Afrikaans is actually my home language, although I spoke English before I could speak Afrikaans.  It sometimes irks me when people refer to Afrikaans as the language of the oppressor.  Something which is a little recognised fact is that Afrikaans, one of the youngest languages (if not the youngest) in the world, has succeeded in creating a language which has given the world great poetry, prose and it developed as a langauge of science, of the same quality, depth, calibre and with the same depth of philosophy and imagery as any of the great world literatures.  The problem is, considering that relatively few people speak Afrikaans, the literature does not get the recognition it deserves.  This, however, is not limited to Afrikaans literature, though.  It is also true of all languages that are territorially isolated, or have a small number of speakers.

I started life as a student of classical languages (Latin and Attic Greek), but ended up in post graduate English studies.  I can also read Dutch, German, French, Spanish and Italian.  The upshot of this is that I have actually read some of the greatest literature in the world in the original form:  Goethe, Cicero, Baudelaire, Aristophanes, Garcia Lorca, Caesar, Susskind, Dante, Herodotus, Shakespeare, Eliot, Joyce, Hugo etc.  You name them, chances are I have read them.  I am quite happy that I can responsibly say that the good Afrikaans literature is up there among the best of them.  Which again, is also probably true of any number of other languages' literature that I have not read, for the simple reason that I can not read Russian or Mandarin, or a host of other languages - sadly, not even a single one of the ten indigenous languages in my own country.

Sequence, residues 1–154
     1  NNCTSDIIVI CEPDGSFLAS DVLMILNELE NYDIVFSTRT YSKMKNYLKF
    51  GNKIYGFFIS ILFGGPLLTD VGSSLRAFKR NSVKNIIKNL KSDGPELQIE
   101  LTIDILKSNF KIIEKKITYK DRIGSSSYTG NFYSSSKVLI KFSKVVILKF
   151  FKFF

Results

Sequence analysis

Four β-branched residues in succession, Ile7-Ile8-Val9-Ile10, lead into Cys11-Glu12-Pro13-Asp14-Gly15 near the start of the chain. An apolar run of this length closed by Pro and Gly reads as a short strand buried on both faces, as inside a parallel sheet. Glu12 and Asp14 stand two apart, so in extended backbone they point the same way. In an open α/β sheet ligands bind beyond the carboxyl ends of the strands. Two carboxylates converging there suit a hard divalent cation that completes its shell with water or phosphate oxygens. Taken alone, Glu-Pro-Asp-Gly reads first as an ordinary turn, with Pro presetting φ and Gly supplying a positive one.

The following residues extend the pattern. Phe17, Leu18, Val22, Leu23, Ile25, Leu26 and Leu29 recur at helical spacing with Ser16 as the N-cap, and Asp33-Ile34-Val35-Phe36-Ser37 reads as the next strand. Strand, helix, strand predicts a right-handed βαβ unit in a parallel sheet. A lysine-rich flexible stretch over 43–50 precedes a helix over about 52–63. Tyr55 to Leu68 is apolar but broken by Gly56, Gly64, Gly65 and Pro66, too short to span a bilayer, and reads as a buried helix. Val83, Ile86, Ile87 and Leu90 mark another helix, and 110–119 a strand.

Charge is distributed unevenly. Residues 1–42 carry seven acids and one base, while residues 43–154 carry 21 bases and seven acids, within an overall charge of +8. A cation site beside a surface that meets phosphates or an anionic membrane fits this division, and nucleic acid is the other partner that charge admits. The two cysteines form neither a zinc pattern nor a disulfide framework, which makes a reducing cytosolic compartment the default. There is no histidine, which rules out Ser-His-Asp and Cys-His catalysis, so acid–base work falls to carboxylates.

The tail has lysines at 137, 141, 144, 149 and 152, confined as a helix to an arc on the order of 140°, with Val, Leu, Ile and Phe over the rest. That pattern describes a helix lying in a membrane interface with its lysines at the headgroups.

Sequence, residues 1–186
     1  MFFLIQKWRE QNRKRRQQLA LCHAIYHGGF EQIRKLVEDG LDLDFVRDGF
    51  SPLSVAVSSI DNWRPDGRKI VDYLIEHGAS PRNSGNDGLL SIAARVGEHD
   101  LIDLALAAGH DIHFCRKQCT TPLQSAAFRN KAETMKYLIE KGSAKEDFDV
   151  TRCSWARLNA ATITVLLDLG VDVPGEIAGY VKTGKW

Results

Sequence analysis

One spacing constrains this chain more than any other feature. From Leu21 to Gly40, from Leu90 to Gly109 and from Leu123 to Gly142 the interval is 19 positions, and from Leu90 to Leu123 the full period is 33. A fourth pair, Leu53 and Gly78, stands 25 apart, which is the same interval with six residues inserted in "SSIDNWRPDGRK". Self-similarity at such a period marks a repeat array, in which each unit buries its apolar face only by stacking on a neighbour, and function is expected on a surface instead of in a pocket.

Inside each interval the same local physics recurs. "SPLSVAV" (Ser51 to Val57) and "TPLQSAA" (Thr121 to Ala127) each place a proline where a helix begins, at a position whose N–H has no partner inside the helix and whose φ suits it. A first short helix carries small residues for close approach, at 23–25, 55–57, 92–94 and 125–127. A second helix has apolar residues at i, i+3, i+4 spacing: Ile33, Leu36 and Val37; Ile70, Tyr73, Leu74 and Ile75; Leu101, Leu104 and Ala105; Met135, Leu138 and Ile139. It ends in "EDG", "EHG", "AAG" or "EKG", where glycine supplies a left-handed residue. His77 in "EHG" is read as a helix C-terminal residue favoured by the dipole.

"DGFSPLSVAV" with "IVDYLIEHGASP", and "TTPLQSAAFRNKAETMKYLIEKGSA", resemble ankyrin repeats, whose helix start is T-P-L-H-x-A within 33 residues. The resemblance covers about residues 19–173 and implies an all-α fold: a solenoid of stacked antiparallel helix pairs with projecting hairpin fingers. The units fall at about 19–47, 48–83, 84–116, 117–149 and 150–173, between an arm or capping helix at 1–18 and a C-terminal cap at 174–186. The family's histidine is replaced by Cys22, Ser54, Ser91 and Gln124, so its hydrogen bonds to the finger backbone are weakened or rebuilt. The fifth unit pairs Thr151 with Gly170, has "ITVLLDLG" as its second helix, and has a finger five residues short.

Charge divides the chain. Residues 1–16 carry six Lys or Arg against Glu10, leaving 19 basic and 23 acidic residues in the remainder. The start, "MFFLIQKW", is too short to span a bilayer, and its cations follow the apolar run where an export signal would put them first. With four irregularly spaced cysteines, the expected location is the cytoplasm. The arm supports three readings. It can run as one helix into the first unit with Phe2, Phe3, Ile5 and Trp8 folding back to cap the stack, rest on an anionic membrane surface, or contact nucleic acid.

What I fail to understand, is why the language itself has to be villified as a result of a small minority of people who, for a while, adhered to a stupid, impractical political ideal that was not necessarily the choice of many other white people, and certainly not the choice of the majority of people of South Africa. An interesting fact is that a large number of Afrikaans literary texts were in fact translated into Russian in the 1980s (I know this because I met one of the translators), and I was (I believe reliably) told that the largest university department teaching Afrikaans outside of South Africa at the time was at the University of Moscow under the reign of communism. 

The point is, while I care a fig for the ideology of apartheid, and in fact always did, the ideology is not the result of the language called Afrikaans, and neither was the ideology the cause of the language.  The two are linked quite by accident - just like Spanish is not a bad language, or Spanish speaking people responsible for the decline of Cuba as a result of the fact that for several decades Cuba had a Spanish speaking dictator.  The same comment can probaly be made in respect of any number of countries:  Zimbabwe (and its charming madman for a president Mr Robert Mugabe) and the USA (with a brainless, witless and warmongering idiot at the helm at the moment called George W Bush).  The German language and the people that speak German can not be held responsible for the attrocities of the Second World War (and I do not believe that the only attrocities committed were committed by Germans only).  Logic does not lead me to the inevitable conclusion that all things Zimbabwean or American or German must now be bad.  In the case of the USA, the unfortunate truth is that a majority of voters voted Bush into power (if the court is to be believed).  I rest my case.

Log in or registerto write something here or to contact authors.